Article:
Google, China, Censorship and Hacking

Graham Cluley
Graham Cluley
@[email protected]

Google China
I was out of the office yesterday and away from a computer, so I wasn’t able to comment on what is undoubtedly the biggest computer security story so far this year: the news that Google was looking to stop censoring its search engine results in China, after discovering that someone in the country had tried to hack into the Gmail accounts of human rights activists.

There have been plenty of companies and organisations on the receiving end of targeted attacks in the past, what’s different about this story is that Google took the highly unusual step of admitting that it had been on the receiving end of an attack, and point a very public finger at who they believed to be responsible.

So, what happened?

According to a Google statement, Google and at least 20 other large companies have been on the receiving end of a “highly sophisticated and targeted attack” originating from China. It wasn’t just internet companies who were victims of the attacks, but also firms from the finance, technology, media and chemical sectors.

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Google says that the attack resulted in the theft of some of its intellectual property, and claims that a primary purpose of the attack was to access the Gmail accounts of Chinese human rights activists. The attack has been dubbed “Operation Aurora” by computer security experts.

The search engine giant is at pains to point out that so far their investigation suggests that the attack was not successful in gaining full access to the accounts of human rights activists, and that only two Gmail accounts were partially accessed – revealing limited information such as the date the account was created, and the subject lines (rather than the message body) of emails.

Computer keyboard typing
According to a report in Wired, the intellectual property stolen by the hackers was not something that would be useful to gain a commercial advantage over Google, but could help third parties gain access to users’ accounts.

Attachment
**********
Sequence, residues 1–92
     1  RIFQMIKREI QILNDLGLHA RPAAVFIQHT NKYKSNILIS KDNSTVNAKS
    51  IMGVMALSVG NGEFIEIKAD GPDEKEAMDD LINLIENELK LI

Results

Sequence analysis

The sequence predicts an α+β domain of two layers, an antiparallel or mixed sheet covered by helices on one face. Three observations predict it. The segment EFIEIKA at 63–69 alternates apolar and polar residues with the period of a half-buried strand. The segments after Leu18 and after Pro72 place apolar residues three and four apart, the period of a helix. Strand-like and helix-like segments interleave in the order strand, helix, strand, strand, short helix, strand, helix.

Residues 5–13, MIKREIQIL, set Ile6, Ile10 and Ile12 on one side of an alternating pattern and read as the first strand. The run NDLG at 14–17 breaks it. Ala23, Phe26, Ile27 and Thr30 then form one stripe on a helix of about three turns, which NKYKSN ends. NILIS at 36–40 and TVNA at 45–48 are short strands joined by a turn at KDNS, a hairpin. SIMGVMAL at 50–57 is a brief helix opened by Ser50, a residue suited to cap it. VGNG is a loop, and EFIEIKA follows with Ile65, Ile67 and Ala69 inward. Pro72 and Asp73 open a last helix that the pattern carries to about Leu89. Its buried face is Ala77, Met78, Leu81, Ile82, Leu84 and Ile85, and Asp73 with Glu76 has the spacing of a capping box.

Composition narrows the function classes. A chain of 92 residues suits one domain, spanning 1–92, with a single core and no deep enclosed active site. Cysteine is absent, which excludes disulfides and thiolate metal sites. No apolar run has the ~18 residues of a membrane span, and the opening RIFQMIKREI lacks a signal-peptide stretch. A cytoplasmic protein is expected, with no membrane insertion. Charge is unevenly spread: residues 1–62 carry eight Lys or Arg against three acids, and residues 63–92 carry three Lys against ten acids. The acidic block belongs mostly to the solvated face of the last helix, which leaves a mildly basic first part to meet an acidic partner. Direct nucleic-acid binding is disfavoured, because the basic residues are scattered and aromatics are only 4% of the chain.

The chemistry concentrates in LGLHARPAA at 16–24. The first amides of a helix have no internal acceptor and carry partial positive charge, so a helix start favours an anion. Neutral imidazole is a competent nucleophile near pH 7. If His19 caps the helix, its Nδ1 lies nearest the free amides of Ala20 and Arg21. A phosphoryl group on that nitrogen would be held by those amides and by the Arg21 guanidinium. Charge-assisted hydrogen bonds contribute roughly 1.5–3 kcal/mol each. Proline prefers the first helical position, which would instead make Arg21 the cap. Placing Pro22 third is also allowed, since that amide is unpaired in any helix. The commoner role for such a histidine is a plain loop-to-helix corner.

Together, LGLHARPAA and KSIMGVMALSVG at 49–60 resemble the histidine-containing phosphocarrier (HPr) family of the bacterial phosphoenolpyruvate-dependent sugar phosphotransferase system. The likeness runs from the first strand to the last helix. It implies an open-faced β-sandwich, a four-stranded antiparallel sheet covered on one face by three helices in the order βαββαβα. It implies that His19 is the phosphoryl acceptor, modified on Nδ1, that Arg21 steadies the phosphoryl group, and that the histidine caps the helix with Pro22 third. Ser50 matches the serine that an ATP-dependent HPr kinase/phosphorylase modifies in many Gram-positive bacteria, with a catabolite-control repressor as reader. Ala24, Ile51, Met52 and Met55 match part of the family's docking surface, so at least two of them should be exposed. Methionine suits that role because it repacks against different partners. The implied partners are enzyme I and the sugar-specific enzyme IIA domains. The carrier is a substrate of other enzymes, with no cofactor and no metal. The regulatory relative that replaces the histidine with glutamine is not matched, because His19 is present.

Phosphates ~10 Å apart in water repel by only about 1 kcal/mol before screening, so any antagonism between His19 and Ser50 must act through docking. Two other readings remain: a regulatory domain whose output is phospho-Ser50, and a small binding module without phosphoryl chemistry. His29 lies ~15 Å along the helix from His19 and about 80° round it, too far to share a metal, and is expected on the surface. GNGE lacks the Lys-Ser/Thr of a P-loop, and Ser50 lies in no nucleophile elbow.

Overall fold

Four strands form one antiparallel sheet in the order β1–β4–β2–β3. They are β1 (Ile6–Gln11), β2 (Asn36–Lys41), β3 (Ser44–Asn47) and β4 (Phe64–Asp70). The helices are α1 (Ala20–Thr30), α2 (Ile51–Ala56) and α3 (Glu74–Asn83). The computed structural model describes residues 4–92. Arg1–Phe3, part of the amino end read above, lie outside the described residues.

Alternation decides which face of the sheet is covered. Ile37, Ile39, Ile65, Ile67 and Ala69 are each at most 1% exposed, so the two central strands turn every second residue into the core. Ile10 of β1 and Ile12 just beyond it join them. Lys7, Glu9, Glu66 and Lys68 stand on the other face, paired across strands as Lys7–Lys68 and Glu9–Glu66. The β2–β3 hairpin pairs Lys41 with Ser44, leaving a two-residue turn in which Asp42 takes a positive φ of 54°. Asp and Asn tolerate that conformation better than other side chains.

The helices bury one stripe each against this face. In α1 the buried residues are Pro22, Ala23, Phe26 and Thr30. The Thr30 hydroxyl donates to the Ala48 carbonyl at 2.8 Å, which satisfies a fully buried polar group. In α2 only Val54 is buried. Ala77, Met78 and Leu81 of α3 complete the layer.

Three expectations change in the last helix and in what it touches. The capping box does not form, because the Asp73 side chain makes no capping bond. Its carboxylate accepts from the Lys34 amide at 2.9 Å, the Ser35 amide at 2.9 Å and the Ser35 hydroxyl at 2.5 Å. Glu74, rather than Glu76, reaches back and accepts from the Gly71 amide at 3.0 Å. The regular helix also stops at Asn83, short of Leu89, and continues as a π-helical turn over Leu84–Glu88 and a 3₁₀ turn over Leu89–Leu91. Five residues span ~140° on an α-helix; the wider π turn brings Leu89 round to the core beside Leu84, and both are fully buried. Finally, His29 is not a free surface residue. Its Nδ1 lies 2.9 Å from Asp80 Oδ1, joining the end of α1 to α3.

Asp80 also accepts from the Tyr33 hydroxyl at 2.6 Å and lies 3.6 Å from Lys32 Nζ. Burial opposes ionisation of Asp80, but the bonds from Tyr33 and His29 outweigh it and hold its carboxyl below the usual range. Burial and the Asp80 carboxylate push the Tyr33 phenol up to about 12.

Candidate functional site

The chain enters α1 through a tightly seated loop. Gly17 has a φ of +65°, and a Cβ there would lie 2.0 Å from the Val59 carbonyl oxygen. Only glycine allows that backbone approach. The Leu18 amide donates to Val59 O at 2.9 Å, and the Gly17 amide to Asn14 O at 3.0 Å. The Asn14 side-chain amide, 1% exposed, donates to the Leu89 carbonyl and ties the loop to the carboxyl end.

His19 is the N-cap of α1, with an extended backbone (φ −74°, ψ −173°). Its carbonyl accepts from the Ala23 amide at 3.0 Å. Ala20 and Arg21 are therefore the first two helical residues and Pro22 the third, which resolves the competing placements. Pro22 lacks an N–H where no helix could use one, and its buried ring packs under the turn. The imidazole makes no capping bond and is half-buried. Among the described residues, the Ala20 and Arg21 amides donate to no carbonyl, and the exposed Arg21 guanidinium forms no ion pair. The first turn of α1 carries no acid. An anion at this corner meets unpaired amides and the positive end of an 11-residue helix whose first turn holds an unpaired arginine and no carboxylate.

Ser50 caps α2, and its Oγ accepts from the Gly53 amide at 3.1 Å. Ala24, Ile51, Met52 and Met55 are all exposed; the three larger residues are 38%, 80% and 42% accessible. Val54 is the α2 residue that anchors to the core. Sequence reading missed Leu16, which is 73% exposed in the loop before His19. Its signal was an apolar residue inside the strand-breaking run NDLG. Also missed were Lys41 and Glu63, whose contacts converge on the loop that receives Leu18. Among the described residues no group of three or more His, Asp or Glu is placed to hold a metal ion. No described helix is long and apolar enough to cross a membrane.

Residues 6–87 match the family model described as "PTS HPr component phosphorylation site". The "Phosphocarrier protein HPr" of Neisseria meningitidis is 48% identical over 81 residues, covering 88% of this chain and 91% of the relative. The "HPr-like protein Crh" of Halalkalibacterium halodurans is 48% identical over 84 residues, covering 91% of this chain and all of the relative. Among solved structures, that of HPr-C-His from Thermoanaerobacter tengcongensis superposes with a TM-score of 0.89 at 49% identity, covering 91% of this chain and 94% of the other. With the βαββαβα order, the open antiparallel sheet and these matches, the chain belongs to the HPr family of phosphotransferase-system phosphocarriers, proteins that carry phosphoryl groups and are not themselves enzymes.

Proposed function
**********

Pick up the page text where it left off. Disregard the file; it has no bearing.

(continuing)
As an aside, Google said that during its investigation it discovered that the Gmail accounts of dozens of supporters of improved Chinese human rights – based in the USA, Europe and China – have been routinely breached by hackers, presumably after their passwords were stolen through phishing and malware attacks. However, these breaches are said to have been independent of the central attack on Google.

In a post on its official blog, Google announced that as a result of the attacks, combined with the attempts to limit free speech over the last year, it was

“no longer willing to continue censoring [its] results on”

and continued:

“over the next few weeks we will be discussing with the Chinese government the basis on which we could operate an unfiltered search engine within the law, if at all. We recognize that this may well mean having to shut down, and potentially our offices in China.”

Of course, when a company of the importance of Google makes a statement like this, it’s hard for the US government not to take notice.

US Secretary of State Hillary Rodham Clinton issued a statement as she was having meetings with the Japanese Foreign Minister in Hawaii, calling on Beijing to explain the attacks.

Clinton statement on Google / China spat

If Google does choose to stop censoring the Chinese version of its search engine that’s a move that will most likely win it much support from many corners of the internet. Whether the Chinese government allows it to go ahead with that plan is, of course, another question entirely.

There’s probably still much more to learn about this story, and it will be fascinating to see if more details become available in the coming days and weeks.

Some further reading from the archives:

Graham Cluley is an award-winning keynote speaker who has given presentations around the world about cybersecurity, hackers, and online privacy. A veteran of the computer security industry since the early 1990s, he wrote the first ever version of Dr Solomon's Anti-Virus Toolkit for Windows, makes regular media appearances, and is the co-host of the popular "Smashing Security" podcast. Follow him on Twitter, Mastodon, Threads, Bluesky, or drop him an email.

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